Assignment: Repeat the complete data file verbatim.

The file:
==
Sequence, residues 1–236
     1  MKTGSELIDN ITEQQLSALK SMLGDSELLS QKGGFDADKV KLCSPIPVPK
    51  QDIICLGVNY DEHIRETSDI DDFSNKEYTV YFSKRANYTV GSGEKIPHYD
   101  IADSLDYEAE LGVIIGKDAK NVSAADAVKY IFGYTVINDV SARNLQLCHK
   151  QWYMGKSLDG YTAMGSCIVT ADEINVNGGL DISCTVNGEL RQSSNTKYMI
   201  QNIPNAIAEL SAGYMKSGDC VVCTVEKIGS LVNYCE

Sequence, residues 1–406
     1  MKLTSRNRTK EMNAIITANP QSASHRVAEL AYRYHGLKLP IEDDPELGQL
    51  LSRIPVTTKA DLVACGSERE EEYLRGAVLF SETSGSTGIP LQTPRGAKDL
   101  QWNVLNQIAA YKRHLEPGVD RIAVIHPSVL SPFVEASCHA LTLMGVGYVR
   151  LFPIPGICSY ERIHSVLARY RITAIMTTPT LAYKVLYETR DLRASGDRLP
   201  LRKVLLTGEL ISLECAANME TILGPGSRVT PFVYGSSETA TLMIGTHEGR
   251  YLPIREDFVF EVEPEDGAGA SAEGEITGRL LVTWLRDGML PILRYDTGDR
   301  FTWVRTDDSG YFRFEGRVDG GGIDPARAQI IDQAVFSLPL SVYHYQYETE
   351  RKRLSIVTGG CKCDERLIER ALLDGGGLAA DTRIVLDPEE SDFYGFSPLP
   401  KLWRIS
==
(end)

Sequence, residues 1–236
     1  MKTGSELIDN ITEQQLSALK SMLGDSELLS QKGGFDADKV KLCSPIPVPK
    51  QDIICLGVNY DEHIRETSDI DDFSNKEYTV YFSKRANYTV GSGEKIPHYD
   101  IADSLDYEAE LGVIIGKDAK NVSAADAVKY IFGYTVINDV SARNLQLCHK
   151  QWYMGKSLDG YTAMGSCIVT ADEINVNGGL DISCTVNGEL RQSSNTKYMI
   201  QNIPNAIAEL SAGYMKSGDC VVCTVEKIGS LVNYCE

Sequence, residues 1–406
     1  MKLTSRNRTK EMNAIITANP QSASHRVAEL AYRYHGLKLP IEDDPELGQL
    51  LSRIPVTTKA DLVACGSERE EEYLRGAVLF SETSGSTGIP LQTPRGAKDL
   101  QWNVLNQIAA YKRHLEPGVD RIAVIHPSVL SPFVEASCHA LTLMGVGYVR
   151  LFPIPGICSY ERIHSVLARY RITAIMTTPT LAYKVLYETR DLRASGDRLP
   201  LRKVLLTGEL ISLECAANME TILGPGSRVT PFVYGSSETA TLMIGTHEGR
   251  YLPIREDFVF EVEPEDGAGA SAEGEITGRL LVTWLRDGML PILRYDTGDR
   301  FTWVRTDDSG YFRFEGRVDG GGIDPARAQI IDQAVFSLPL SVYHYQYETE
   351  RKRLSIVTGG CKCDERLIER ALLDGGGLAA DTRIVLDPEE SDFYGFSPLP
   401  KLWRIS